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You have misunderstood the analysis of randomized quicksort. The idea is that we can view pivot selection in randomized quicksort in the following way. We first select a permutation $\pi$ on the elements on the array. When choosing a pivot among some subarray $B$, we choose the element of $B$ which appears first in $\pi$. Suppose that $i < j$. We are ...


Yes. This is exactly what a selection algorithm does. It can be done in linear time.


The conceptually simplest way is to simply use the same algorithm recursively to sort the sub arrays; hence why it's labeled as recursion. As long as the base cases for very small arrays are correctly defined, this will yield a correct result. As an example, let's Quicksort some alphabet, using first symbol as pivot: sort(FHDEBACG) -> sort(DEBAC) F sort(...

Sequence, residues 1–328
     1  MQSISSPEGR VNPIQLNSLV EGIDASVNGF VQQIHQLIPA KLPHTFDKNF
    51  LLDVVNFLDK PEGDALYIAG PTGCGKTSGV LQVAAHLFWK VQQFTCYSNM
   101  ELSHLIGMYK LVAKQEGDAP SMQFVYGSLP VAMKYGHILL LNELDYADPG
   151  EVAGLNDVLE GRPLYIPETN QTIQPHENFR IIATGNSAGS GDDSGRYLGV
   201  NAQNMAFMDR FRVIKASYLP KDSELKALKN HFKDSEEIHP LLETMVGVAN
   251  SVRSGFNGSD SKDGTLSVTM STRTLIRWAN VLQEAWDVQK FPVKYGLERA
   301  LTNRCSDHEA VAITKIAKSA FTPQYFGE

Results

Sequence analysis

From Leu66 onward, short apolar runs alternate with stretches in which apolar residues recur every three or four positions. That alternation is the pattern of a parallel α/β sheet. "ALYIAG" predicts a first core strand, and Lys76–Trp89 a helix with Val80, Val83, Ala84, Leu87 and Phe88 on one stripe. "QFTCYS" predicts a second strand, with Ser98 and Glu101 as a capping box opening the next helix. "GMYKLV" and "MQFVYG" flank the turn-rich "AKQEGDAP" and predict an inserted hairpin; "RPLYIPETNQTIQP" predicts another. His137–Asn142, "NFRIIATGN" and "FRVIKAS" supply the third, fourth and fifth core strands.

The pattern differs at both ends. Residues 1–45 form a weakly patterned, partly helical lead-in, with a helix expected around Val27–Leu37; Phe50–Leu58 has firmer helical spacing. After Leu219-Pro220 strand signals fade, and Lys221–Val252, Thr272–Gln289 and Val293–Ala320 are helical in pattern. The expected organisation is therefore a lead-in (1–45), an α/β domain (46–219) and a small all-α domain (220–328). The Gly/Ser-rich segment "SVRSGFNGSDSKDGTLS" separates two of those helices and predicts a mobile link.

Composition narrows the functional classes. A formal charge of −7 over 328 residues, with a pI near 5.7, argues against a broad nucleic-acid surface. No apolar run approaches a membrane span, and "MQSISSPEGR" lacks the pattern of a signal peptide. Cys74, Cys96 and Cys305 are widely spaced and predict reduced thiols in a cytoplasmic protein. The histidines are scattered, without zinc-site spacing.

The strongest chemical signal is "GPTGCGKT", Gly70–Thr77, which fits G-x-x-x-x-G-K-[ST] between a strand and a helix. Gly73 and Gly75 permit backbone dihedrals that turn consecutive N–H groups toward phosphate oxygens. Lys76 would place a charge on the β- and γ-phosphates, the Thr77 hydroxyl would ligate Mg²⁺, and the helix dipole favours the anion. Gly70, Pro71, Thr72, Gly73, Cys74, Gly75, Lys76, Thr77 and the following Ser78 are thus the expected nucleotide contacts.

Splitting the list entails comparing every element in the current list with the pivot. That is, if the list is of size $n$, you would have $n-1$ comparisons. Then, the list is split into sizes $|B|$ and $|S|$ and continues recursively. On the $B$ part you will choose a pivot and make $|B|-1$ comparisons to split them into two (sub)lists. Same with $S$. This ...

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